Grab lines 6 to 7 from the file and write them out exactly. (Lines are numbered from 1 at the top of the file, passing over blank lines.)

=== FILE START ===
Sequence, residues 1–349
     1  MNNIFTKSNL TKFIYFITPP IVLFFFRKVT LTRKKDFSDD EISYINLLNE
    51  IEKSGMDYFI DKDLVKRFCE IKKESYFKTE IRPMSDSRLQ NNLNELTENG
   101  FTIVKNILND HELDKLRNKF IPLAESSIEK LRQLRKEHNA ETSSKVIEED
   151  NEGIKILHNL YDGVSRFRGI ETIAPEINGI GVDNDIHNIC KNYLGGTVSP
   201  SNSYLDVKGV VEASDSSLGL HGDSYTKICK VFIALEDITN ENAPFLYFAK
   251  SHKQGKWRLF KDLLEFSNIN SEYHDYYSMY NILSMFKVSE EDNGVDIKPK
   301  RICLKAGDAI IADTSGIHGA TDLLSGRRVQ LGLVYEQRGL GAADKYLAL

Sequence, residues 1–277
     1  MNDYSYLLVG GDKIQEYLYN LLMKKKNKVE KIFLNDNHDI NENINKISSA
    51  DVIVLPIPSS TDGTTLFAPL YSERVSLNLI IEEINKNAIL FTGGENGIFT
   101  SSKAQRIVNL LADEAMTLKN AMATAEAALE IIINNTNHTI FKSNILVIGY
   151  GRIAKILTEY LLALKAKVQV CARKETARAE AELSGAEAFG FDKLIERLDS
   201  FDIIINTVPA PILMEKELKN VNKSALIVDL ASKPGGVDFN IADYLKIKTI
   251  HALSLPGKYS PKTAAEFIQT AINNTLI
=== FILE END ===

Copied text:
   201  SNSYLDVKGV VEASDSSLGL HGDSYTKICK VFIALEDITN ENAPFLYFAK
   251  SHKQGKWRLF KDLLEFSNIN SEYHDYYSMY NILSMFKVSE EDNGVDIKPK